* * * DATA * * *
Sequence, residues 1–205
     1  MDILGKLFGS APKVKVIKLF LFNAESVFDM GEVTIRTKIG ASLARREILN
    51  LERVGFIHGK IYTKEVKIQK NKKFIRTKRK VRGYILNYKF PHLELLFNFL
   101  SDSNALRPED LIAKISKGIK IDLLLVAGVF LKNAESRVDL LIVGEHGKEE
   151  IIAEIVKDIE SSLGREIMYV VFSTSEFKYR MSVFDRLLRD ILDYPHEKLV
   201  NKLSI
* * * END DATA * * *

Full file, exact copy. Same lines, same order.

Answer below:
Sequence, residues 1–205
     1  MDILGKLFGS APKVKVIKLF LFNAESVFDM GEVTIRTKIG ASLARREILN
    51  LERVGFIHGK IYTKEVKIQK NKKFIRTKRK VRGYILNYKF PHLELLFNFL
   101  SDSNALRPED LIAKISKGIK IDLLLVAGVF LKNAESRVDL LIVGEHGKEE
   151  IIAEIVKDIE SSLGREIMYV VFSTSEFKYR MSVFDRLLRD ILDYPHEKLV
   201  NKLSI